Monday, July 13, 2009

Why We Can't Have a Really Good Democracy

Monarchy is the best form of government,
if you can find a good King. Aristotle

The capacity of justice makes democracy
possible, the tendency toward injustice,
makes it necessary. Reinhold Niebuhr

Democracy is the worst form of government
except for all those others that have been tried.
Winston Churchhill

It is impossible to have a good democracy in the United States, i. e., one that is prosperous, well-ordered with liberty, equality, and justice for all, fully protective of minority rights, and that serves all appropriately.

The country is too large, too diverse racially, religiously, ethnically, regionally, economically, and ideologically to be a melting pot in which an informed moral commitment to the most noble values determines policy by way of a political process appropriately organized to achieve them.

It might be sufficient simply to quote Churchill, "The best argument against democracy is a five-minute conversation with the average voter." But I will proceed.

The worst corruption of democracy is that intensely focused parochial interests are able to distort the process to achieve narrow ends offensive to justice and the welfare of all, especially the poor and powerless. They may be regional (agricultural subsidies), ideological (reactionary religion), topical (NRA), or economic (well-funded corporate lobbyists). Since Congressional politicians are elected regionally, their views are frequently shaped by interests and perspectives peculiar to that constituency rather than the welfare of the whole.

Consider, for example, how the narrow interests represented by the gun lobby (NRA) are fanatically devoted to a specific issue, whose operatives watch every political move in detail searching of even the slightest deviation from their absolutist dogma. They are armed sufficiently with money and backed by enough members and regional ideological preferences to enable them to influence legislation in disproportionate fashion. Pharmaceutical and drug companies, the Chamber of Commerce, the Israeli lobby, the military-industrial-university complex, and others illustrate the principle that intensely focused restricted interests with money and organization can be victorious over much larger constituencies whose concerns are broadly distributed but lacking concentrated focus on these specific ones, especially when this is joined with general apathy and ignorance of issues and political processes in general that do not concern them directly.

At this moment Congressional factions are threatening to defy recommendations of the military, the Secretary of Defense, and the President that the F22 fighter is not needed and should not be funded. Why? Because the defense industries have seen to it that the manufacturers and suppliers are scattered around the country, enabling regional interests to supercede national interest. The same folks will condemn deficit spending and a bloated federal budget. Alas, alas! Hooray for American democracy.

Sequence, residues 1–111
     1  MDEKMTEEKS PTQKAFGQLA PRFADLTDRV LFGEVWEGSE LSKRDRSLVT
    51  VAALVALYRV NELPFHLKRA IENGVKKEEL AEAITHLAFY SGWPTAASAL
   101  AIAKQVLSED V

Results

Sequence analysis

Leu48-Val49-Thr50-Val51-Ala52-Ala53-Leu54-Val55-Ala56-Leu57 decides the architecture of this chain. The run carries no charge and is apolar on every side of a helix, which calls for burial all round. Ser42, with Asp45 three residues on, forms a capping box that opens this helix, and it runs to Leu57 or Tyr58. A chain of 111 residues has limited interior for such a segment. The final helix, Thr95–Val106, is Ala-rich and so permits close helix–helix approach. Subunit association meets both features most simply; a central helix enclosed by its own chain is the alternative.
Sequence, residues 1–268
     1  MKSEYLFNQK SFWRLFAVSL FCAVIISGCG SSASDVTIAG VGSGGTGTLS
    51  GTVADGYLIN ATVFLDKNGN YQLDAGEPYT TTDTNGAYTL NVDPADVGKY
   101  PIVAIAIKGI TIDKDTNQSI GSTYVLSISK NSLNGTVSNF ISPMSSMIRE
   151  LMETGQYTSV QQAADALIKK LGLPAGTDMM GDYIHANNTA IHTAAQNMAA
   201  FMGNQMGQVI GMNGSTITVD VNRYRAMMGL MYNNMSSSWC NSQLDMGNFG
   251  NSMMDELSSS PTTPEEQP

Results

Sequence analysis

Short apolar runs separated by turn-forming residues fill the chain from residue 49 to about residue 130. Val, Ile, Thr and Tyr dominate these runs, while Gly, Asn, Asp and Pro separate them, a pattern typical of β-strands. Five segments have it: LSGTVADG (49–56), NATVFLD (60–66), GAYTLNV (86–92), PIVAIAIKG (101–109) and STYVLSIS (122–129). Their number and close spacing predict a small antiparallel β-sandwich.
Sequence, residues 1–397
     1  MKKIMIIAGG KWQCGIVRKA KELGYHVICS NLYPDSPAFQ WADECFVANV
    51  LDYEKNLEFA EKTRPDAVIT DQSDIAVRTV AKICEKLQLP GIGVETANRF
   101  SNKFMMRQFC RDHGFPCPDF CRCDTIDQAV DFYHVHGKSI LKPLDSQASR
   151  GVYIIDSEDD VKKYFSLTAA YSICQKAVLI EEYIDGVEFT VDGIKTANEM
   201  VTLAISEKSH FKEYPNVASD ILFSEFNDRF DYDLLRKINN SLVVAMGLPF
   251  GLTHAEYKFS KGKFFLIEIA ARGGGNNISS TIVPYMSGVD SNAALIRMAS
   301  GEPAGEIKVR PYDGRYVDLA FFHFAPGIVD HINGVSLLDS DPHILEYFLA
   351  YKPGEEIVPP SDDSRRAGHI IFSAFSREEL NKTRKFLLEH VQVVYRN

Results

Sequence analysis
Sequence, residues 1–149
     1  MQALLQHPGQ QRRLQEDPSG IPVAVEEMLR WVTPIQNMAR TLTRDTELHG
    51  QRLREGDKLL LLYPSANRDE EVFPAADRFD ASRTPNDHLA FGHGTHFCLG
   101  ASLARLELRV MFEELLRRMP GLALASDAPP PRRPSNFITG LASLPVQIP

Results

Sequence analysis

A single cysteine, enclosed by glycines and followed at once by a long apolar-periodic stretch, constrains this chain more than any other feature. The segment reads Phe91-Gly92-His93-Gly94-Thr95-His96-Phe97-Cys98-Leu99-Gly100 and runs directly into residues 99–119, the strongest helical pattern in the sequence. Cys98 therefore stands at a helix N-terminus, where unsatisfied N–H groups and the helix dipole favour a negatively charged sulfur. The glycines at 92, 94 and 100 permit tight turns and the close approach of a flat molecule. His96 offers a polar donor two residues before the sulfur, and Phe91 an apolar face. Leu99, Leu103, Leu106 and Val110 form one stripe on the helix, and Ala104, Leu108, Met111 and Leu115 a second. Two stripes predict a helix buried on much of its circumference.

Added to this is the dismal state of political dialogue in this country-aided and abetted by talk-show radio, mass instant electronic communication, and 24-hour news channels--that reduces debate to simplistic talking points that have emotional attractiveness for the unwary or analytically unskilled. These appeals are carefully designed with professional public relations assistance, sometimes spiced with deliberate lies or distortions crafted to exploit ignorance and bias. All this is made possible by the fact that multitudes people are too apathetic, too lazy, understandably so bogged down in immediate personal struggles, or so easily duped by their own uncritical, never questioned, base of inherited misinformation, bias, or subtle perfidy.

Let us not forget that in the Electoral College and the Senate, small states have power all out of proportion to the citizens represented in an increasingly urban population. In the Senate, e. g., at the moment this is bad news for health care reform since some of the most powerful Senators are from small states with interests different from where the vast majority of people live. For example, "The 21 smallest states together hold fewer people than California's 36.7 million -- which means there are 42 senators who together represent fewer constituents than Barbara Boxer and Dianne Feinstein." For details see:

Pervading all this is a persisting individualism shaped by the early history of the country with its expanding frontier and the necessity of self-reliance, partially explaining why socialism never came to America -- that old standard question.

Countervailing trends are created by changes in cultural consciousness, e. g., on civil rights or gay rights, as well as by crises which do concentrate the attention of large constituencies. Such situations when skillfully organized can potentially exploit kairotic moments ripe and ready for transformative change when sufficiently informed by liberating visions that excite enthusiasm enabled by political mobilization and charismatic leaders and geared to achieve more ideal ends.

Of course, if we all loved justice, freedom, equality, prosperity, and well being for all as much as we loved ourselves, we might be inspired to try and smart enough to succeed in creating the institutions and processes that would produce an ideal democracy. Darn that original sin!

To spell all this out would require a book. My aim has been to make some initial suggestions hinting at why an ideal democracy is impossible under current conditions.

1 comment:

abinstein said...

Great article. Couldn't agree more.